Theme: Social Science & Policy Research Year: 2015
Introduction: HCV infection is major health concern among PWID. In Manipur, PWID have extreme difficulties in accessing HCV testing, diagnosis and treatment in spite of widespread prevalence of 98%. Understanding among PWID on HCV is low as no program addresses HCV. There is increased HCV related mortality among PWID living with HIV, although HIV is managed
Methods: CoNE advocated with the Department of Health to conduct HCV screening among PWID. Camps were conducted at 9 district hospitals from 20 October to 30 November 2014. Government contributed infrastructure, trained manpower and blood storage facilities while the network mobilized PWID as well as other population. PCR test were conducted on the positive samples by Indian Council of Medical Research. Liver assessment was needed to assess fibrosis and FibroScan camps is an ongoing process now for all who would want to check the condition of the liver and understand treatment needs. Price negotiations are also ongoing with pharmaceutical companies to reduce the price of sofosbuvir.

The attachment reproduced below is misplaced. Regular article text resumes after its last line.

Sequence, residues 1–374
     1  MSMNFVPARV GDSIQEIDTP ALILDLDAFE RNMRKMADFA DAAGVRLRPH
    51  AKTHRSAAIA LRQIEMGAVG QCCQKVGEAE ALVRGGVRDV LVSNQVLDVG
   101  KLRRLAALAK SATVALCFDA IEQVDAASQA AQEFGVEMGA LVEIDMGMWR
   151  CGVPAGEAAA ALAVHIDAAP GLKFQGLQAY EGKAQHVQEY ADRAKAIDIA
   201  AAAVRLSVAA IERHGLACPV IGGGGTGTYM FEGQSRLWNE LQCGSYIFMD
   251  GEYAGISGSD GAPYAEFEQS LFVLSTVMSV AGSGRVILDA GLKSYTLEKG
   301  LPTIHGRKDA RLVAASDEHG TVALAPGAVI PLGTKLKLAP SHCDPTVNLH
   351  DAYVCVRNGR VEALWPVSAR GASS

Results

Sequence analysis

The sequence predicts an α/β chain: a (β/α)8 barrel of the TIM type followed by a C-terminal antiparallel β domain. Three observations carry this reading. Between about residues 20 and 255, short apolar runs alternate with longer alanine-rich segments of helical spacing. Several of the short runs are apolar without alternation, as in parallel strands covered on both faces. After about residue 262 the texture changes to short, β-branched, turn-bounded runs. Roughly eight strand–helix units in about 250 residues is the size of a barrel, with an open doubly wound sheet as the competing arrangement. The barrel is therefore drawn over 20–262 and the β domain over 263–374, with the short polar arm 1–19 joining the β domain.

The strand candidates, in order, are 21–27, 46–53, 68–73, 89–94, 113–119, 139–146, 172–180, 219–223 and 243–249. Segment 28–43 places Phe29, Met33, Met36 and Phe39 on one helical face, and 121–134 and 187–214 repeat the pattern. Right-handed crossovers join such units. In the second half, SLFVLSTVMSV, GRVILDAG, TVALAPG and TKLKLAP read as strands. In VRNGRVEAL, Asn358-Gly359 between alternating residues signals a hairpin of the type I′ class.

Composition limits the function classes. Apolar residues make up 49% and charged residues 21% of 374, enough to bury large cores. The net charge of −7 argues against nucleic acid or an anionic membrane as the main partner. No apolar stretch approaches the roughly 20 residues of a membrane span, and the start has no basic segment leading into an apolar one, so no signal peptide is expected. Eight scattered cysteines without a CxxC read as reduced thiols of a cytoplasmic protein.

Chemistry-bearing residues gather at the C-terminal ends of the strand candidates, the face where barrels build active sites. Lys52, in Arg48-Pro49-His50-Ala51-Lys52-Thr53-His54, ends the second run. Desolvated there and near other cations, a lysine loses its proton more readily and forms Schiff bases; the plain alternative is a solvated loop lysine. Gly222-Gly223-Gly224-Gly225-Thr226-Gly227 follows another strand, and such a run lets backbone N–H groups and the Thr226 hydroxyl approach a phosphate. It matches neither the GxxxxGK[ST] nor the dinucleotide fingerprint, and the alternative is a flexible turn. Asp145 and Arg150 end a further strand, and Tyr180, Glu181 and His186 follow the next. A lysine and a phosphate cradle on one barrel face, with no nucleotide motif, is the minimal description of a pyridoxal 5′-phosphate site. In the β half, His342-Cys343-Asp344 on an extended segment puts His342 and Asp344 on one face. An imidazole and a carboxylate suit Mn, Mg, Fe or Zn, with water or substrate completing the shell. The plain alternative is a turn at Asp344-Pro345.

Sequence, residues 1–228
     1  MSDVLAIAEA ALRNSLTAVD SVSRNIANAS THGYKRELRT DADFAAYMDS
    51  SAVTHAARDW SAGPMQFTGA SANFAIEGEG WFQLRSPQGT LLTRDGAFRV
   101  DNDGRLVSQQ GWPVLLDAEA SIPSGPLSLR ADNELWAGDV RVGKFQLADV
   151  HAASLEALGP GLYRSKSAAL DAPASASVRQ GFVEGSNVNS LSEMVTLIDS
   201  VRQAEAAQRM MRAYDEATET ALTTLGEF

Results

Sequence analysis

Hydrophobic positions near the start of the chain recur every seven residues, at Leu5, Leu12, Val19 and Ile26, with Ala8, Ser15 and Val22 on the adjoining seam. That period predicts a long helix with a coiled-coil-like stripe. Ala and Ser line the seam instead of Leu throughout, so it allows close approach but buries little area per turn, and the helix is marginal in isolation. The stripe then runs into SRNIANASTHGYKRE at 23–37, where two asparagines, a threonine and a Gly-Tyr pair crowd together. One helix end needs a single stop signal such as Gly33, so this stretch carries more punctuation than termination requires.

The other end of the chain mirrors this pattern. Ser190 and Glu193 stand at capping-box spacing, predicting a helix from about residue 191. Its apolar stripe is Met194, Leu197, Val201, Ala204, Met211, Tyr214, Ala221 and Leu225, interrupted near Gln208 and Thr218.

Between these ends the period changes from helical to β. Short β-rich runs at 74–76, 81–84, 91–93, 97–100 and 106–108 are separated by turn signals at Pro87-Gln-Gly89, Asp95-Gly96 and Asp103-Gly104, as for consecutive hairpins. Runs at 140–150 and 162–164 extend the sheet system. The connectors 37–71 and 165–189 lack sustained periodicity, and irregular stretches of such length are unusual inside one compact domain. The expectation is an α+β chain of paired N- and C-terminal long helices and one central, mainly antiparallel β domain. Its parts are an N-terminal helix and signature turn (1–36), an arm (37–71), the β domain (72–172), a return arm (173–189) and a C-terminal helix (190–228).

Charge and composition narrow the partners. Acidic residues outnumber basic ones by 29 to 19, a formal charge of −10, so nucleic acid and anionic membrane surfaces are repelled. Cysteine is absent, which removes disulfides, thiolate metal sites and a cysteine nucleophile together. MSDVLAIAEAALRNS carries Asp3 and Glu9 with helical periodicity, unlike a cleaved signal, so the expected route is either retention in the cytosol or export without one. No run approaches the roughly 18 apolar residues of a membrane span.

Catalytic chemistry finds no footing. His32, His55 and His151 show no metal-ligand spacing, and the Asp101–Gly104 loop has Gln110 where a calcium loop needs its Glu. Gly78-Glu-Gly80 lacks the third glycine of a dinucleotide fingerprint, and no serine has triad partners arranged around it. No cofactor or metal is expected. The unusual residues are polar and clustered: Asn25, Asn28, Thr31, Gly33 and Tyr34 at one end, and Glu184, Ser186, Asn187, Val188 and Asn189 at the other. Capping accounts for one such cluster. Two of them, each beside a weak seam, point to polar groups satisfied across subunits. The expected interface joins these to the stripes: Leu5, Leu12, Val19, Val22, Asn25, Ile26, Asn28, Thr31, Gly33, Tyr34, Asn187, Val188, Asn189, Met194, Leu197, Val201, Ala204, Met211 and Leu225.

Results: 1011 people from various groups were mobilized, including 602 PWID. In total 48%, while among PWID 68% were positive. People tested were provided with pre and post-test counselling besides treatment education. Through negotiations with pharma companies, the price of sofosbuvir was brought down to apprx 193 USD a bottle. Currently, 11 people who use drugs out of the 602 have started treatment using sofosbuvir.
Conclusion: PWID networks can quickly and effectively mobilize people at risk, negotiate with different stakeholders, including government, to provide infrastructure and support that are needed. They are also best positioned to support peers to understand the infection, provide care, treatment education and allow people to take an informed decision on treatment. They can also effectively negotiate with pharma companies for price reduction which has real time impact at individual patient level.Download abstract